Throughout this article we have examined various nuances of an Orthodox approach to the issue of primacy. The subject is frustrating, because our theory seems quite distant from the actual reality of church life. We may hope, however, that by keeping this vision alive our Church will one day grow into its own theology.
 John Zizioulas, "Primacy in the Church" Eastern Churches Journal 5:2 (Summer 1998), p. 116.
 Commission on Faith and Order, "Faith and Order Paper No. 181: The Nature and Purpose of the Church: A stage on the way to a common statement" (Geneva: WCC/Faith and Order, 1998), p. 54 (§109).
 John Meyendorff, Byzantine Theology (New York: Fordham Univ. Press, 1979), p. 98.
 John P. Galvin, "Comments on Metropolitan John's 'Primacy in the Church'" Eastern Churches Journal 5:2 (Summer 1998), p. 21.
 John Meyendorff, "The Ecumenical Patriarchate: Yesterday and Today" in The Byzantine Legacy of the Orthodox Church (Crestwood, NY: SVS Press, 1982), p. 254.
 In John Borelli and John H. Erickson, The Quest for Unity: Orthodox and Catholics in Dialogue (Crestwood, NY: SVS Press and Washington, D.C.: U.S. Catholic Conference, 1996), pp. 84-85.
 Also in Borelli and Erickson, pp. 53-64.
 Zizioulas, "Primacy," p. 20.
 Pope John Paul II, "Ut Unum Sint" Origins 25:4 (8 June 1995), §97.
 Meyendorff, "The Ecumenical Patriarchate," p. 245.
 Thomas FitzGerald, "Orthodox Theology and Ecumenical Witness" SVTQ 42:34 (1998), p. 353.
 John Zizioulas, Being as Communion (Crestwood, NY: SVS Press, 1985), p. 145.
 Zizioulas, quoted in Michael Fahey, S.J., "Eastern Synodal Traditions: Pertinence for Western Collegial Institutions," in T. Reese, ed. Episcopal Conferences: Historical, Canonical, and Theological Studies (Washington, D.C.: n.p., 1989), p. 225.
 Zizioulas, "Primacy," p. 124.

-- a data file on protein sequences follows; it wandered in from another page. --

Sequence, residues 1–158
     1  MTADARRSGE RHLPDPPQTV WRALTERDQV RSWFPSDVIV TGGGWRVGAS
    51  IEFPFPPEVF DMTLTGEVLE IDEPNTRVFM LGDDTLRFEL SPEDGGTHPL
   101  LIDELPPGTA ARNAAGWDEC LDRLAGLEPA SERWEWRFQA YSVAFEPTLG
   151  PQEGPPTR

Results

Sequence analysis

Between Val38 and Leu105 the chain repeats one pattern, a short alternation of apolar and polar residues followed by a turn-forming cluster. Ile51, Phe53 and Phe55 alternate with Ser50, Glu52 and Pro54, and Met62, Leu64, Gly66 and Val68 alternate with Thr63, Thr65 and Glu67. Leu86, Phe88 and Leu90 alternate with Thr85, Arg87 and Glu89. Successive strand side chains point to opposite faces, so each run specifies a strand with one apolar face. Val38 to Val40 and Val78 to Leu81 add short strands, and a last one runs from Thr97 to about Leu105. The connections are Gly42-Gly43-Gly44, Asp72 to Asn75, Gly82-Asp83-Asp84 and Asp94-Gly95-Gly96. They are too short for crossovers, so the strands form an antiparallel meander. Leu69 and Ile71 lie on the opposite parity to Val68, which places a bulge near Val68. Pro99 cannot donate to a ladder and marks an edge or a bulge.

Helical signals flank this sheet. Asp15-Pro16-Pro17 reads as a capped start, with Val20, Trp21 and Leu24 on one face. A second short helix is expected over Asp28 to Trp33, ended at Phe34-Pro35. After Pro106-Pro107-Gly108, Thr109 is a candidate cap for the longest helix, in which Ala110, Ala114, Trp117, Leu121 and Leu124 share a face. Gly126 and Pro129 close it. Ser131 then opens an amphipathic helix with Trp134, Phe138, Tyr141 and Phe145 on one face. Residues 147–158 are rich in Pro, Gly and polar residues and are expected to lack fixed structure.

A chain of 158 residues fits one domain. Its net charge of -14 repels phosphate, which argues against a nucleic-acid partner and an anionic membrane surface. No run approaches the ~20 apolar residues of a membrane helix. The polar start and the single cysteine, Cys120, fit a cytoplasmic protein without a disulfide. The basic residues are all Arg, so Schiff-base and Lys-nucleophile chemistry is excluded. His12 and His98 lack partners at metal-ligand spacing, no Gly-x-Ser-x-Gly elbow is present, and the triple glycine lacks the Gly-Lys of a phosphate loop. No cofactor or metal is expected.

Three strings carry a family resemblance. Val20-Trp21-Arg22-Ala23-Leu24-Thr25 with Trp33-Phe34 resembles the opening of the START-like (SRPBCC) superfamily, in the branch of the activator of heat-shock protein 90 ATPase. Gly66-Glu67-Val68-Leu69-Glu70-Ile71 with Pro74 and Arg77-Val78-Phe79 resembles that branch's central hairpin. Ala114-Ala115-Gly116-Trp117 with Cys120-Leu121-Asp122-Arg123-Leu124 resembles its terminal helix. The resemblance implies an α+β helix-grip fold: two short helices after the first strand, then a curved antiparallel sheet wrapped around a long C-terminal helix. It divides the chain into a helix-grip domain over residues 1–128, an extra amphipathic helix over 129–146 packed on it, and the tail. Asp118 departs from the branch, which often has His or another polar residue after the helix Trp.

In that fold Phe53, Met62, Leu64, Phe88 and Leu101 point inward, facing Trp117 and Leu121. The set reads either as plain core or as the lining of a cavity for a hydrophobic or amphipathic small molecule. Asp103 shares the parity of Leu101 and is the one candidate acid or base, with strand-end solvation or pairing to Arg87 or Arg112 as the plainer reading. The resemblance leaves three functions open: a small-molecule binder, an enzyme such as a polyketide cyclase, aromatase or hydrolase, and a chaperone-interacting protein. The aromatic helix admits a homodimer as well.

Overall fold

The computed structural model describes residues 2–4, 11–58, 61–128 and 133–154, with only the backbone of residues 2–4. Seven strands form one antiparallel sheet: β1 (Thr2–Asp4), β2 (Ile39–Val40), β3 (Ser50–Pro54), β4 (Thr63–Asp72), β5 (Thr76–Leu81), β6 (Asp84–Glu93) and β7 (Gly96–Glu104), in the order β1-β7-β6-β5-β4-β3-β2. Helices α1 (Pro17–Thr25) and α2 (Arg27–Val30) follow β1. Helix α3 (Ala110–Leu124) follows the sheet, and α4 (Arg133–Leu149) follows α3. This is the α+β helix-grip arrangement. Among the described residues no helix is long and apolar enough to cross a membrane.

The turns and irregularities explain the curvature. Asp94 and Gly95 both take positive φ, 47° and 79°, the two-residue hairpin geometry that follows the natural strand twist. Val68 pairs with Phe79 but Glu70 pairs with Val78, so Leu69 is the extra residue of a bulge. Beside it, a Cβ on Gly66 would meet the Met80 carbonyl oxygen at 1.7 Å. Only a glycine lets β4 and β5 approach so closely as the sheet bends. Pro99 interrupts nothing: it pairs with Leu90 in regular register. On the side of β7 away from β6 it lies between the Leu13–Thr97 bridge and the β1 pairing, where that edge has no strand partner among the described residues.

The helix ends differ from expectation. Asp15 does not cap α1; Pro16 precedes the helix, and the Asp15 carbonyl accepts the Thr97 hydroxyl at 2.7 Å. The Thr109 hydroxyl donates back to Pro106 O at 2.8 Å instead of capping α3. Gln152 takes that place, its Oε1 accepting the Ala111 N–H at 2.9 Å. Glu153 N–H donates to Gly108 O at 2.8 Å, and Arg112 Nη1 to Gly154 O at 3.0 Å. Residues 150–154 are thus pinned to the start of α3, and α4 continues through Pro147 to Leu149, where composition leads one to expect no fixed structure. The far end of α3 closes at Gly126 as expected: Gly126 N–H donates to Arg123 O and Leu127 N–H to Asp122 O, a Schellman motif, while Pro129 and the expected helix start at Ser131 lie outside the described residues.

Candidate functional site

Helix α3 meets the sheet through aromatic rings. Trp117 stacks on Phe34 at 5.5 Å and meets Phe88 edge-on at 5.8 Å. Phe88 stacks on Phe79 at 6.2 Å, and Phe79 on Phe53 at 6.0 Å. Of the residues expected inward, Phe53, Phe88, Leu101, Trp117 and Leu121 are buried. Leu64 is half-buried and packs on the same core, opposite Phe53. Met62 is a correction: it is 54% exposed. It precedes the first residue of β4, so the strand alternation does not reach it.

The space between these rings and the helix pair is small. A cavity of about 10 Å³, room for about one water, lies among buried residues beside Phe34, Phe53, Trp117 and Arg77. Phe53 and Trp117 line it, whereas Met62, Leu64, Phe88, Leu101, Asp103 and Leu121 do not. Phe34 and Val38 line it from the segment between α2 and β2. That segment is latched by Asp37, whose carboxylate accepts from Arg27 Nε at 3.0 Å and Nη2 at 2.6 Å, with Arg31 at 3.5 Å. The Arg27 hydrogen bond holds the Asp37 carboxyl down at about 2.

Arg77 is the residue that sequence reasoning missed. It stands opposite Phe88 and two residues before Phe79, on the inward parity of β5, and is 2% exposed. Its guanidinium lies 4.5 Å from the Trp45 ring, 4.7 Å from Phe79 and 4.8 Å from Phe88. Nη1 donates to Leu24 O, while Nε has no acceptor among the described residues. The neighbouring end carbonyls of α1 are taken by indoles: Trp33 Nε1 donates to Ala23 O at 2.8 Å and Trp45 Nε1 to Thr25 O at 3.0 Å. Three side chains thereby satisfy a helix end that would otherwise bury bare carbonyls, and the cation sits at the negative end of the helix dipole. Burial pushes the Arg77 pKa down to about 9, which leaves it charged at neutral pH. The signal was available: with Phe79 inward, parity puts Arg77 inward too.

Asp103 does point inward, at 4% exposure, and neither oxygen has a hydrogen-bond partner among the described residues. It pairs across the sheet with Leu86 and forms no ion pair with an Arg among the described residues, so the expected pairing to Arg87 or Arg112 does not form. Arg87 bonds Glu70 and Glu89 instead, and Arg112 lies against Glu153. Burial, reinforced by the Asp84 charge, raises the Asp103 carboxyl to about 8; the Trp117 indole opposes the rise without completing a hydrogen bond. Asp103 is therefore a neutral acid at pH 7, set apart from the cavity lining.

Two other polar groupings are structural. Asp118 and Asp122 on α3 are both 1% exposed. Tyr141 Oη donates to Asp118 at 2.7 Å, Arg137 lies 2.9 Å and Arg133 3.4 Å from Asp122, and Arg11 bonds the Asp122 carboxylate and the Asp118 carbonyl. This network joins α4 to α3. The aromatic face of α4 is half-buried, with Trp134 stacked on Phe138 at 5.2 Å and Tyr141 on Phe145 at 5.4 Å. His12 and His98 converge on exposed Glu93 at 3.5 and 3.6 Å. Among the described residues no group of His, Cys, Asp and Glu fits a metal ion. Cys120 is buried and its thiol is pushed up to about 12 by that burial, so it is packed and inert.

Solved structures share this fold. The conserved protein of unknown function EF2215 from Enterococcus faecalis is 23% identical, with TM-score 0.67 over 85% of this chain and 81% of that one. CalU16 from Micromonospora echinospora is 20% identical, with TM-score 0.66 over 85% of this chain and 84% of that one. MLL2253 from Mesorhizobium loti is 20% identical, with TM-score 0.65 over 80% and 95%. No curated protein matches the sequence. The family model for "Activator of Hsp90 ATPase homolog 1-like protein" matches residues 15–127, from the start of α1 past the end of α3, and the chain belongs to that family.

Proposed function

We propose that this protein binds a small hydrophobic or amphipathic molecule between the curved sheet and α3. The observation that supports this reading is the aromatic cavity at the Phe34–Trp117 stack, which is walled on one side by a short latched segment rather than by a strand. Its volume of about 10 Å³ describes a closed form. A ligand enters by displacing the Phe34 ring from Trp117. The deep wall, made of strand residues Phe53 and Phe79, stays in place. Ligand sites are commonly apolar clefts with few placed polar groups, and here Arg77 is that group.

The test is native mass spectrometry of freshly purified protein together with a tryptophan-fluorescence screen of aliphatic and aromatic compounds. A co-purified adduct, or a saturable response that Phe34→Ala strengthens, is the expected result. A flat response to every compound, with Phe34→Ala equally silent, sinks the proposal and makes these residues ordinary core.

Meyendorff, "The Ecumenical Patriarchate," p. 244.
 Zizioulas, "Primacy," p. 17.
 Alexander Schmemann, "Towards a Theology of Councils" in Church, World, Mission (Crestwood, NY: SVS Press, 1979), p. 177.
 Ibid., pp. 165.
 Ibid, p. 164.
 Zizioulas, "Primacy," p. 120.
 Schmemann, "Towards a Theology of Councils," p. 165.
 FitzGerald, "Orthodox Theology," pp. 353-354.
 Zizioulas, "Primacy," 122.
 John H. Erickson, "First Among Equals: Papal Primacy in an Orthodox Perspective" Ecumenical Trends 2:2 (Feb. 1998), p. 1.
 Zizioulas, "Primacy," pp. 17-18.
 Ibid., p. 16.
 FitzGerald, "Orthodox Theology," p. 353.
 Erickson, "First Among Equals," p. 5.
 Panteleimon Rodopoulos, "Ecclesiological Review of the Thirty-Fourth Apostolic Canon" Kanon IV:1 (1980), p. 92.
 Quoted in Rodopoulos, p. 93.
 Rodopoulos, p. 99.
 See, for example, Nicea canon 6 with commentary, in Archbishop Peter L'Huillier, The Church of the Ancient Councils (Crestwood, NY: SVS Press, 1996), pp. 45ff.
 Quoted from L'Huillier, p. 199. See also his comments on the whether there was any negative response concerning this in the West.
 John Meyendorff, "The Council of 381 and the Primacy of Constantinople" in Catholicity and the Church (Crestwood, NY: SVS Press, 1983), pp. 132-133. Also see L'Huillier, p. 373.
 Meyendorff, "Council of 381," p. 138.
 From L'Huillier, p. 267f.
 See, for example, Meyendorff's discussion of this topic in "The Ecumenical Patriarchate," p. 239f. and "Council of 381," p. 131f.
 Meyendorff, "Council of 381," p. 131.
 Meyendorff, "The Ecumenical Patriarchate," p. 240.
 Erickson, "First Among Equals," 9.
 Ibid., p. 7.
 Ibid., p. 9.
 Zizioulas, "Primacy," p. 120.
 Ibid., p. 118.
 Ibid., p. 123.
 Kallistos Ware, "Primacy, Collegiality, and the People of God" in A.J. Philippou, ed. Orthodoxy: Life and Freedom, Essays in honour of Archbishop Iakovos (Oxford: Studion Publications, 1973), p. 199.
 Meyendorff, "The Ecumenical Patriarchate," p. 244.
 Ibid., p. 254.
 Fahey, p. 258.
 Ecumenical Patriarch Bartholomew, quoted in Thomas FitzGerald, The Ecumenical Patriarchate and Christian Unity (Brookline, MA: Holy Cross, 1997), preface.
 Meyendorff, "The Ecumenical Patriarchate," p. 242 (emphasis original).
 Ibid., pp. 254-255.
 Ibid., p. 253.